It took all of about 39 seconds for the vicious “birther” chatter to reemerge once former Vice President Joe Biden announced that Senator Kamala Harris would be his running mate for the November election. No wonder, since a certain variety of American citizen just can’t seem to wrap his mind around the U.S. Constitution’s provisions guaranteeing equal citizenship to all Americans.Not long after the passage of the USA PATRIOT Act, I gave a talk on civil liberties in a small hamlet tucked away in the foothills of Oregon’s Cascade Mountains.Afterward, an audience member helpfully shared a secret: I didn’t know it, he said, but I was immune from any arrest or detention. If law enforcement tried to detain me, he said, “Just tell them you are not subject to the Fourteenth Amendment, and they have to let you go.”“I don’t encourage you to try that,” I answered. He went away shaking his head at my ignorance of the real Constitution.The man’s suggestion was a surprise but not a shock. From my work in constitutional history, I have learned that the Fourteenth Amendment is the most important single part not only of the reformed, post-slavery Constitution, but also of crazed theories from the fever swamp of the constitutional far right.I am pretty sure my new friend was going to roll out a theory I’d read in militia chat rooms and heard in “patriot” meetings: that Section 1 of the Fourteenth Amendment creates two levels of citizenship—“sovereign citizens,” meaning white males, who were already citizens before the amendment was adopted, and “Fourteenth Amendment citizens,” meaning women and members of racial minorities. “Sovereign citizens” are subject only to the “organic Constitution,” which is usually described as the document drawn up in Philadelphia plus the Bill of Rights. Their rights are God-given. “Fourteenth Amendment citizens” occupy a lower rung. Their privileges and immunities come by grace of government and can be revoked. U.S. courts have no jurisdiction over the “sovereign” (different factions disagree about why, but agree that this is so).Here’s the language that myth misinterprets: “All persons born or naturalized in the United States, and subject to the jurisdiction thereof, are citizens of the United States and of the State wherein they reside.”It’s not really unclear. Born here? Check. Subject to U.S. and state jurisdiction? Check. Citizen? You got it.Second-class status? No.But even before the amendment entered the Constitution in 1868, a determined attempt—largely powered by white men infuriated at losing their supremacy—had been made to convince Americans that it must mean something other than equal citizenship for all.Indeed, the fight against equal citizenship can be traced, chillingly enough, to the assassination of Abraham Lincoln. On April 11, 1865, the southern firebrand John Wilkes Booth stood among a crowd outside the White House while President Lincoln gave a short address on the reconstruction of the former Confederate states. His plan for Louisiana did not include the vote for Black Americans there. “It is also unsatisfactory to some that the elective franchise is not given to the colored man,” Lincoln said. “I would myself prefer that it were now conferred on the very intelligent, and on those who serve our cause as soldiers.”At this, Booth turned to his co-conspirator Lewis Powell and said, “That means nigger citizenship. That is the last speech he will ever make.” Three days later, on Good Friday, Booth shot Lincoln dead at Ford’s Theatre.The idea of shared citizenship—of the Fourteenth Amendment’s promise of what one of its proponents, Representative John Bingham, had called “one country, one Constitution, and one people”—is still resisted by those to whom the idea is literally unimaginable. When Hiram Revels, an American-born Black man from Mississippi, was elected to the U.S. Senate in 1861, Democratic opponents delayed his swearing-in for two days with the claim that he had not been a citizen for the required seven years. Their kindred spirits have asked over and over whether one group or another—the formerly enslaved, Chinese Americans, American-born children of undocumented immigrants—could possibly be American citizens. Could they vote? Could they be president? Are you serious? What is the point of citizenship if anyone can have it?This is the painful background to the entirely predictable attempt by a far-right scholar, John Eastman of Chapman University’s law school, to cast a shadow on the selection of Harris as Biden’s running mate. In a recent essay in Newsweek, Eastman points out that Harris’s parents were both immigrants, living in Oakland, California (which, according to the most recent U.S. Geological Survey National Map, is within the territorial limits of the United States), when Harris was born there in 1964.Eastman is just asking questions, he says. Here’s the main one: Were Harris’s parents “merely temporary visitors, perhaps on student visas issued pursuant to Section 101(15)(F) of Title I of the 1952 Immigration Act? If the latter were indeed the case, then derivatively from her parents, Harris was not subject to the complete jurisdiction of the United States at birth, but instead owed her allegiance to a foreign power or powers—Jamaica, in the case of her father, and India, in the case of her mother—and was therefore not entitled to birthright citizenship under the 14th Amendment as originally understood.”This is the nub of a persistent, utterly fraudulent myth about the Fourteenth Amendment—that the child of a noncitizen, born in the United States, is not “subject to the jurisdiction of the United States,” as specified by the Fourteenth Amendment’s citizenship clause.Is there anything to it? Not in the slightest. Children of noncitizens in the U.S. can be sued, arrested, tried, and imprisoned by state or federal government. That’s jurisdiction. The “subject to the jurisdiction” argument is crackpot constitutionalism—“sovereign citizenship” in academic robes—and its persistence is a depressing feature of our corrupt and hateful national dialogue.First, let’s deal with the idea that Harris in 1964 was, because her parents may not have been citizens, not “subject to the jurisdiction” of the United States or of California. As I have pointed out before, it takes an impressive level of mental torture to hold this idea in one’s mind alongside the practical knowledge needed to get through an ordinary day. The framers of the Fourteenth Amendment made clear in the debates drawing up its language that “subject to the jurisdiction” had a practical lawyers’ meaning—subject to suit and trial in American courts; the only exceptions to this were persons who, by treaty or international law, were immune to American law. The language of the debates makes clear that the “jurisdiction” excepts only Native people and the children of diplomats. The deniers insist that the language really means Native people, diplomats—and anyone whose parents are from another country.This is, to use a technical term, swill. Not long ago, the former White House aide Michael Anton published an op-ed in The Washington Post that altered the transcript of the debates on “subject to the jurisdiction” to say what conservative commentators claim was said. Some years ago, I debated a Claremont Institute scholar who similarly made claims unsupported by the evidence. Perhaps this keeps happening because the actual record of what was written and said at the time the amendment was adopted just can’t get such scholars to where they want to go. This brings us to President Donald Trump and his theories on race. Trump seems to have an obsession with the citizenship of people of color, particularly those who stand in his way. We all know of his role in claiming that Barack Obama was “actually” born in Kenya; in 2016, Trump and his supporters claimed that a Republican rival, Senator Ted Cruz, was ineligible to be president because he was born to an American citizen living in Canada. Once Cruz’s prospects began to fade, Trump geared up the same complaint against Senator Marco Rubio, born in Florida to parents who had legally immigrated. And it’s not just his political rivals whom he wants to expatriate by force. People who burn the flag should lose their citizenship, he tweeted a few weeks after the 2016 election. And professional football players (what do many of them have in common with Obama and Harris, I wonder?) who won’t stand during the national anthem should be deported.Tyrants and would-be tyrants are often eager to take citizenship into their own hands as a powerful tool of terror and control. Stalin’s Russia stripped political dissidents of citizenship at his will. Once in power in Germany, the Nazis quickly stripped Jews of their citizenship as a prelude to the Holocaust. Fascist Italy adopted laws permitting the denationalization of Italians who dissented politically.And American history preserves the spectacle of Chief Justice Roger B. Taney, who in 1857’s Dred Scott decision proclaimed that persons of African descent were not and could never be citizens of the United States.Representative Thaddeus Stevens, one of the sponsors of the Fourteenth Amendment, told the House of Representatives that the doctrine of Dred Scott “damned [Taney] to everlasting fame; and, I fear, to everlasting fire.” During my time as a professor at the University of Baltimore, I am happy to say, the city’s monument to this judicial monster was removed. His spirit, though, lives on in the strange imaginings of “sovereign citizens” and the more elegant insinuations of scholars.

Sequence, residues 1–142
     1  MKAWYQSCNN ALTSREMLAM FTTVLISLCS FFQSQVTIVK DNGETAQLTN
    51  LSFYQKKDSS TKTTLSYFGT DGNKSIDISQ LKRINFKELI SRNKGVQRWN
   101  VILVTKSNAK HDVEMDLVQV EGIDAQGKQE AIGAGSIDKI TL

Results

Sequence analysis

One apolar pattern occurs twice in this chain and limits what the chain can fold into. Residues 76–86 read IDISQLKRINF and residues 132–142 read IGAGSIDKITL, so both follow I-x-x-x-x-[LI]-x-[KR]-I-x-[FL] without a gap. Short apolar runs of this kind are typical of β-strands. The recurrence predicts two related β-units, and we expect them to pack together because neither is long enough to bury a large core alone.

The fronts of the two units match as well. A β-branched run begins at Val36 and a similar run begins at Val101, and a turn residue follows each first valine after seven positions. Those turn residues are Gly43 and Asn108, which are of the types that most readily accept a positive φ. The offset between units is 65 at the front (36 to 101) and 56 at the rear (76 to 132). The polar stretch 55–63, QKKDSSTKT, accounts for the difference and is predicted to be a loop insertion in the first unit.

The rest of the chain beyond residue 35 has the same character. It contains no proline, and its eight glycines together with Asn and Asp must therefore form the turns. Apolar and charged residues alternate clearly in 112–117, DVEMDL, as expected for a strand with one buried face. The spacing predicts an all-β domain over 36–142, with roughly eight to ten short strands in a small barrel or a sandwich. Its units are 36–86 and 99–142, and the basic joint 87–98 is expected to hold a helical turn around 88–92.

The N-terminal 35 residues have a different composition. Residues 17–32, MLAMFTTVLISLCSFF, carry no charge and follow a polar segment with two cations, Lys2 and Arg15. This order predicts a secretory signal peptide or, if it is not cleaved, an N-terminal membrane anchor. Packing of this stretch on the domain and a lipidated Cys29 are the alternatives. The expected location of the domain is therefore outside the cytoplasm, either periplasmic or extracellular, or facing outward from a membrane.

Watch live: Trump holds press conference before leaving for N.Y. and N.J.